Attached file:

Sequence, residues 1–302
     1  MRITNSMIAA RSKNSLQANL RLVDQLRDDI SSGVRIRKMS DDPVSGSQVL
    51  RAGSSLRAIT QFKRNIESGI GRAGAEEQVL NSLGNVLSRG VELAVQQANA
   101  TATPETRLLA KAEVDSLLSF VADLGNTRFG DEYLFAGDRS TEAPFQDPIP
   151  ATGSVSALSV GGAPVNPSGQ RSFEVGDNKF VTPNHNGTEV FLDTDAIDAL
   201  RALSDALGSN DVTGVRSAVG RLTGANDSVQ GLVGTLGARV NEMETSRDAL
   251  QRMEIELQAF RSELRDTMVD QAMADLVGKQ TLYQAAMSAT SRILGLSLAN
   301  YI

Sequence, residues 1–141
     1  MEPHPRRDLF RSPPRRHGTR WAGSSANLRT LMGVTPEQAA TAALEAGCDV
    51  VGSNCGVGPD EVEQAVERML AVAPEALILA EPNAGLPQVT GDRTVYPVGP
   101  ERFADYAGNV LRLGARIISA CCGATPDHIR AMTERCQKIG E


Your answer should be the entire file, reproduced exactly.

Sequence, residues 1–302
     1  MRITNSMIAA RSKNSLQANL RLVDQLRDDI SSGVRIRKMS DDPVSGSQVL
    51  RAGSSLRAIT QFKRNIESGI GRAGAEEQVL NSLGNVLSRG VELAVQQANA
   101  TATPETRLLA KAEVDSLLSF VADLGNTRFG DEYLFAGDRS TEAPFQDPIP
   151  ATGSVSALSV GGAPVNPSGQ RSFEVGDNKF VTPNHNGTEV FLDTDAIDAL
   201  RALSDALGSN DVTGVRSAVG RLTGANDSVQ GLVGTLGARV NEMETSRDAL
   251  QRMEIELQAF RSELRDTMVD QAMADLVGKQ TLYQAAMSAT SRILGLSLAN
   301  YI

Sequence, residues 1–141
     1  MEPHPRRDLF RSPPRRHGTR WAGSSANLRT LMGVTPEQAA TAALEAGCDV
    51  VGSNCGVGPD EVEQAVERML AVAPEALILA EPNAGLPQVT GDRTVYPVGP
   101  ERFADYAGNV LRLGARIISA CCGATPDHIR AMTERCQKIG E